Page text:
Basement control of alkalic flood rhyolite magmatism of the Davis Mountains volcanic field, Trans-Pecos Texas, U.S.A.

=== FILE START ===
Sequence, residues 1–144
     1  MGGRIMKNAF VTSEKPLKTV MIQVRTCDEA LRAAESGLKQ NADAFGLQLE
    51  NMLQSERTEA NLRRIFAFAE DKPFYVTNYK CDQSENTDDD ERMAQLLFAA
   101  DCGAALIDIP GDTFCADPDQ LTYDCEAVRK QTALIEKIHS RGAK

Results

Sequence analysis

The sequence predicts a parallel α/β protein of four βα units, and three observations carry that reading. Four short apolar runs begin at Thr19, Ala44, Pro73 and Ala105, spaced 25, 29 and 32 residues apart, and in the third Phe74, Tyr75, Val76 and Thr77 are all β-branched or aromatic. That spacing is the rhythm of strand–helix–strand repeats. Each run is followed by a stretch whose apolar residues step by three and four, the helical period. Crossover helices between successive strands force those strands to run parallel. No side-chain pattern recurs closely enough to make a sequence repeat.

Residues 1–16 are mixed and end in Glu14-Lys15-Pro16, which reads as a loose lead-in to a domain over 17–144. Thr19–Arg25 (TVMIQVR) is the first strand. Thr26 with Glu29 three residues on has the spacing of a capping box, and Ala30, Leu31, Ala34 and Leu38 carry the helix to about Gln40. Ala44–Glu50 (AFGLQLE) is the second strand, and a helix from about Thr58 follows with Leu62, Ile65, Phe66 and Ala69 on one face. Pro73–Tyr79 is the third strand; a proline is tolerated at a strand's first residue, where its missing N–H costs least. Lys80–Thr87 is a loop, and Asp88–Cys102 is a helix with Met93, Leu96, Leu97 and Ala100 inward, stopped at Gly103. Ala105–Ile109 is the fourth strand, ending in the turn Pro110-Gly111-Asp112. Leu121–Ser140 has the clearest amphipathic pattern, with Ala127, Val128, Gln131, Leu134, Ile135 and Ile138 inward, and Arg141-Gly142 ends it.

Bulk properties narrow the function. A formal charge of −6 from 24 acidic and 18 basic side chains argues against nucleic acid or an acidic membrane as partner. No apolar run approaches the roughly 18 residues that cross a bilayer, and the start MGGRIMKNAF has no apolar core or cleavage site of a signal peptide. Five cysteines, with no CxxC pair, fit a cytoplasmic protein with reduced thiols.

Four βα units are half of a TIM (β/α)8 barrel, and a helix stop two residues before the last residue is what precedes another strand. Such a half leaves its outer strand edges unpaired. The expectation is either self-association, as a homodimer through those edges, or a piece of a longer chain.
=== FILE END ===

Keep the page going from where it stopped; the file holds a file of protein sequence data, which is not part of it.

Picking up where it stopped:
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Voluminous silicic lava flows, erupted ~ 37.4 Ma from widespread centers within the Davis Mountains Volcanic Field (DMVF), covered approximately 10,000 km2 with an initial volume as great as 1000 km3. Lava flows form three major stratigraphic units: the Star Mountain Rhyolite (minimum 220 km3) of the eastern Davis Mountains and adjacent Barilla Mountains, the Crossen Formation (~ 75 km3) of the southern Davis Mountains, and the Bracks Rhyolite (~ 75 km3) of the Rim Rock region west of the Davis Mountains proper. Similar extensive rhyolite lava also occurs in slightly younger units (Adobe Canyon Rhyolite, ~ 125 km3, 37.1 Ma), Sheep Pasture Formation (~ 125 km3, ~ 36 Ma) and, less voluminously, in the Paisano central volcano (~ 36.9 Ma) and younger units in the Davis Mountains. Individual lava flows from these units formed fields as extensive as 55 km and 300-m-thick. Flood rhyolite lavas of the Davis Mountains are marginally peralkaline quartz trachyte to low-silica rhyolite. Phenocrysts include alkali feldspar, clinopyroxene, FeTi oxides, and apatite, and, rarely, fayalite, as well as zircon in less peralkaline units. Many Star Mountain flows may be assigned to one of four geochemical groupings. Temperatures were moderately high, ranging from ~ 911 to 860 °C in quartz trachyte and low silica rhyolite. We suggest that flood rhyolite magma evolved from trachyte magma by filter pressing processes, and trachyte from mafic magma in deeper seated plutons. The Davis Mountains segment of Trans-Pecos Texas overlies Grenville basement and is separated from the older Southern Granite and Rhyolite Province to the north by the Grenville Front, and from the younger Coahuila terrane to the south by the Ouachita Front. We suggest that basement structure strongly influenced the timing and nature of Trans-Pecos magmatism, probably in varying degrees of impeding the ascent of mantle-derived mafic magmas, which were produced by upwelling of asthenospheric mantle above the foundered Farallon slab. Basalt was able to penetrate Coahuila crust in the Big Bend region. Thicker Grenville crust under the Davis Mountains retarded ascent of mafic magmas, allowing mafic plutons to differentiate into silicic magma that was eventually erupted as flood lava. North of the Grenville Front, magmatism was further delayed and thicker, older crust there may have helped concentrate magmatism under the Davis Mountain region. Only after the onset of Basin and Range faulting was true basalt erupted over much of the Trans Pecos. © 2017 Elsevier B.V.



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